The case against “staycation”

Rob Wynen takes issue with the increasingly common term.

There are phrases out there that sometimes really get my blood going. Not because they are rude or obnoxious but often because they are a depressing sign of how our society has changed in a negative fashion. What constitutes negative is subjective hence common phrases don’t elicit similar reactions across diverse perspectives. My list includes such phrases as “play date,” sad that parents now need to pre-arrange their kids social interactions, “pet parents,” no, raising a dog is not comparable to parenting a child and any phrase that starts with the word “natural” or “alternative,” what does that really mean? Another phrase I am increasingly attuned to is “staycation.” Staycation is defined in Wikipedia as “a vacation spent in one’s home country rather than abroad or one spent at home and involving day trips to local attractions.” It has come into fashion of late as it has become a unique, or should I say “alternative” vacation option. After working five days a week and knowing that Canada recently scored a pathetic 19th of 22 OECD countries on vacation time, one would think that staying at home and enjoying our local beauty would be the de-facto vacation choice. Why pay such incredible housing costs, work such long hours to live here and then leave the minute you can actually enjoy our own hood.

The International Air Travel Association proudly announced recently that they are seeing steady growth in international travel. Their graph on overall increases spanning several decades pretty much looks like the elevation gain map of Mt Gardner, up and up. The signs are all around us, from the increasing planes flying over our island, to the large number of islanders chugging role on suitcases up the stairs of the Queen of Capilano. Why the flight from what I consider to be one, if not the, most beautiful spots on the planet? Do the fiords of Norway really look that different than the ones we see coming across the sound on a daily basis? It seems like we are always chasing the next best destination, which brings me to another phrase that gets me going, “the world is my playground” and I have to work on my “bucket list.” Not only is this race to the great beyond extremely expensive, it also comes with a number of environmental costs and takes the joy out of living where we are. If Bowen is just work and we are constantly looking for a new playground to explore/exploit is that a recipe for a long happy fulfilling life on our island?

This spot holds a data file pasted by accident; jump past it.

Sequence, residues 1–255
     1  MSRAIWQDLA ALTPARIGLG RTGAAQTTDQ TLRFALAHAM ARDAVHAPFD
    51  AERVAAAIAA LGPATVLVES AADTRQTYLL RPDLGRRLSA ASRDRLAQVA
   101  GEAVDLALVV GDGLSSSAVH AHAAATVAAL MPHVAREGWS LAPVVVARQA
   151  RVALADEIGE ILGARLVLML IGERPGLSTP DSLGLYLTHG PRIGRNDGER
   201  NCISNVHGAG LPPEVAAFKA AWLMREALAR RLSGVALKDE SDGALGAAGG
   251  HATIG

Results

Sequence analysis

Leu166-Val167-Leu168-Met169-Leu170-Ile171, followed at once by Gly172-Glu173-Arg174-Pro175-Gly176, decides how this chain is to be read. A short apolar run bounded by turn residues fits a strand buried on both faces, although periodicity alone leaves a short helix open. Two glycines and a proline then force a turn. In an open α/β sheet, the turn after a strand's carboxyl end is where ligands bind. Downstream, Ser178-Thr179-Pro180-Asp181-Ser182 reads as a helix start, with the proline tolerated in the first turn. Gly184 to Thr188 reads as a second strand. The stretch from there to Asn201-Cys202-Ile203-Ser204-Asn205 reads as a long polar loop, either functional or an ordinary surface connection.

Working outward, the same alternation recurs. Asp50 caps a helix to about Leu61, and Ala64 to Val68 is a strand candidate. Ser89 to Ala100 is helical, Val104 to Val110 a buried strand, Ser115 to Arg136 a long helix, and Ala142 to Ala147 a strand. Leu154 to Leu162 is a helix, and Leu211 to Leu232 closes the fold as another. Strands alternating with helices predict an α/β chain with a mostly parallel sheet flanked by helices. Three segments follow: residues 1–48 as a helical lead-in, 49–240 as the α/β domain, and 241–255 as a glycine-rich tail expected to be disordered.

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The almost cult like global consumer culture is a fairly recent phenomena, it never used to be this way. Bowen was ironically the local playground for Vancouver. Its beauty was so cherished and still is by urban dwellers that several steamships brought vacationers to our shores on a weekly basis. We had dance halls, outdoor swimming pavilions, lawn bowling, tennis courts, the list goes on. Staying local was the thing to do, it wasn’t a unique holiday experience, it was the holiday experience. People didn’t think about climbing Mt. Kilimanjaro they climbed Mt. Gardner or Grouse Mountain. For those who haven’t done either, Grouse is shorter, has trees on it and a bar at the top. Why in the world would you fly to Africa for an outdoor experience you can get to on public transit locally? Cross continental trips not too long ago were a once in a lifetime experience, not a yearly outing to escape the drudgery of the working world. Our holidays didn’t revolve around deciding where to go but what to do. Spend time with family, hike the local trails, sit back on the deck of Doc’s with a good book (and a lager of course). With our limited time off, our increasingly busy lifestyles, our stressed financial budgets and a planet that is heating up faster than a Facebook discussion on Everything Else about dog poop bags left in the woods, it seems that a lot of the desire to leave is more a desire to escape. Escaping the realities of the daily grind can be difficult but does it really need to involve extravagant trips to places afar? We seem to be living in times that encourage the view that we are living in some kind of amusement park. You got to try all the rides or you are missing out. 

Here is hoping we can spend a bit more time on our island enjoying our surroundings and not always searching for that next elusive playground fix half way around the world. I hope you all have a fantastic Bowen summer. 

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